CONSIDER THE COST OF DISCIPLESHIP
- Cut your losses
- Count your blessings
Text: Philippians 3:4(b)-11
Rick Henderson couldn’t take it anymore. He couldn’t take it anymore than prominent Christian preachers in America, whose smiling faces appear on televisions in millions of American homes each week, preach a gospel that is not the Bible’s gospel. He couldn’t take it anymore, so Pastor Rick Henderson called out some of these preachers by name from his pulpit in a sermon last month at South Mountain Community Church in Draper, Utah. And he wrote a blog post about it—a post that, just over a month later, has generated well over one thousand comments and who knows how many hits.
His point is one that is shared by devout, traditional, Bible-believing Christians across denominational lines. Jesus never said that the Christian faith makes your life better; in fact, he said just the opposite. Didn’t Jesus shock you in today’s Gospel (Luke 14:25-33)? Didn’t he offend the sinful nature inside you when he said, “If anyone comes to me and does not hate his father and mother, his wife and children, his brothers and sisters—yes, even his own life—he cannot be my disciple. And anyone who does not carry his cross and follow me cannot be my disciple” (Luke 14:26-27)? Jesus’ hyperbole is clear. He does not command us to literally hate the people that Scripture calls us to love. But he does call us to get anything and everything out of the way that would keep us away from him, even if that means disappointing or even disassociating with those we love when they would keep us from loving Jesus with our whole heart. That’s not your best life now! That’s a life of potential persecution and family fighting starting the second after the baptismal waters first touch your forehead!
Jesus urges his followers to consider the cost of discipleship. The apostle Paul urges us to consider the same in the Second Lesson for today. In that account, Paul urges us to consider the cost of discipleship by way of his own personal example. In our day and age, this is a lesson that we all would do well to learn. Consider the cost of discipleship! The cost of being Jesus’ disciple means that you need to learn to cut your losses and count your blessings.
Our sermon today comes from Paul’s joy-filled letter to the Philippians, written while he was under house arrest in Rome. Our section for today comes in chapter three of this four-chapter book. At the start of chapter three, Paul warns his readers to watch out for false teachers who promote the idea that believing in Jesus was not enough to make a person right with God. A prominent false teaching in early Christianity came from some Jews who had converted to Christianity but then said that a person still had to follow certain Old Testament laws and customs in order to be on God’s good side. These false teachers are sometimes called “Judaizers” today, because they attempted to import Old Testament Jewish ideas into the New Testament Christian faith. The Old Testament laws and customs God gave the ancient Jews were meant to direct Old Testament-era believers forward in time when the promised Savior would come. But those Old Testament laws and customs had no practical use pointing people forward in time when the Savior had already come in the past. Insisting that a person got right with God by following these customs placed their focus away from Christ and onto themselves.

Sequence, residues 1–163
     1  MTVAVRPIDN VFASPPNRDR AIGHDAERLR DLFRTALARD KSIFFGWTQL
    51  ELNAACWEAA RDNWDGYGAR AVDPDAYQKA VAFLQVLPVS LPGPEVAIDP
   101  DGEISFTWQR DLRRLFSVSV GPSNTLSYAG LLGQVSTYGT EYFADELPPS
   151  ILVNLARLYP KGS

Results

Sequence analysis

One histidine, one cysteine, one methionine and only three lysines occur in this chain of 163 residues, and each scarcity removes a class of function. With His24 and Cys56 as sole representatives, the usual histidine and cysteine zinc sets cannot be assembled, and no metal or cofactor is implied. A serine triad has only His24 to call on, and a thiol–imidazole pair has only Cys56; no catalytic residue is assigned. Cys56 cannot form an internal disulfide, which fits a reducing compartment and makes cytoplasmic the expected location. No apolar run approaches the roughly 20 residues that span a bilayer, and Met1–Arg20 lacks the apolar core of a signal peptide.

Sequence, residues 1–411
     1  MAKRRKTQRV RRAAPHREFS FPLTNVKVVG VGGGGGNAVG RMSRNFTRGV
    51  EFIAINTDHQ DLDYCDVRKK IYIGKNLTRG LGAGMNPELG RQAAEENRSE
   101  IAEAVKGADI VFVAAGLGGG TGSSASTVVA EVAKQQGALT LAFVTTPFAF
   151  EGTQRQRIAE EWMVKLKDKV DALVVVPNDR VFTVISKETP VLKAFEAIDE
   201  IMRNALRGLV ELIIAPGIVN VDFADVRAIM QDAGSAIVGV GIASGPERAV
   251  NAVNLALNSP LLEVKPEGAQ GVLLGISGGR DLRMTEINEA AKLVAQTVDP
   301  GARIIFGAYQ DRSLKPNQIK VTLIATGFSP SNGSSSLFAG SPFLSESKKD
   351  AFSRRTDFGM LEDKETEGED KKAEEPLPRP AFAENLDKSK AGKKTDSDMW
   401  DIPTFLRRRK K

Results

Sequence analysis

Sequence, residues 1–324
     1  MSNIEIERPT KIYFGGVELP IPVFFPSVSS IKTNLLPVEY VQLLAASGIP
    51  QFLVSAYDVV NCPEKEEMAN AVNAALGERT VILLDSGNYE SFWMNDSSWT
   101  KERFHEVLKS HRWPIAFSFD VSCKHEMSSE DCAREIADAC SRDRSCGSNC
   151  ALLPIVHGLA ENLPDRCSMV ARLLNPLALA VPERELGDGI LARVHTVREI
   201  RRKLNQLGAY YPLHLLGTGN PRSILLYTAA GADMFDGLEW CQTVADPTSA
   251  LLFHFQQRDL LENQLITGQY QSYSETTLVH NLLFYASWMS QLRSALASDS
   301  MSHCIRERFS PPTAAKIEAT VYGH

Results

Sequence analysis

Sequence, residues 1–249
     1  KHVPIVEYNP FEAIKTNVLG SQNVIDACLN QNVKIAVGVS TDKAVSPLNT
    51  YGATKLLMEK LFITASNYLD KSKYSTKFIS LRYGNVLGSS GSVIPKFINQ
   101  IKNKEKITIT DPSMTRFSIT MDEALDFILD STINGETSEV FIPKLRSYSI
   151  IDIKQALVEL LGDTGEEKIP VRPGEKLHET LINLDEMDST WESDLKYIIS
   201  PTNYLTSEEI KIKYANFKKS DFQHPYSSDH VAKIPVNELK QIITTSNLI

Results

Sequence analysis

So Paul takes on the challenge. If any of those false teachers, the ones who mixed Old Testament laws into the Christian faith, thought they had a reason to brag about themselves, Paul could trump any of them! “If anyone else thinks he has reasons to put confidence in the flesh, I have more: circumcised on the eighth day, of the people of Israel, of the tribe of Benjamin, a Hebrew of Hebrews; in regard to the law, a Pharisee; as for zeal, persecuting the church; as for legalistic righteousness, faultless.” How many of these Judaizers could match Paul’s claims? His parents followed Old Testament laws and had Paul circumcised on the eighth day of his life. Paul was not only an ethnic Jew but he was from one of the two tribes of Jews that continued to worship in Jerusalem after the nation split into two. He had been a member of the strictest law-abiding group of Jews that existed, the Pharisees. He was so zealous for God that in his pre-conversion ignorance he persecuted and arrested and even killed Jews whom he thought had abandoned God by believing in Jesus. None of his fellow countrymen could have found fault with Paul for his religious intensity and zeal. Who knows how far he could have advanced in his previous way of life?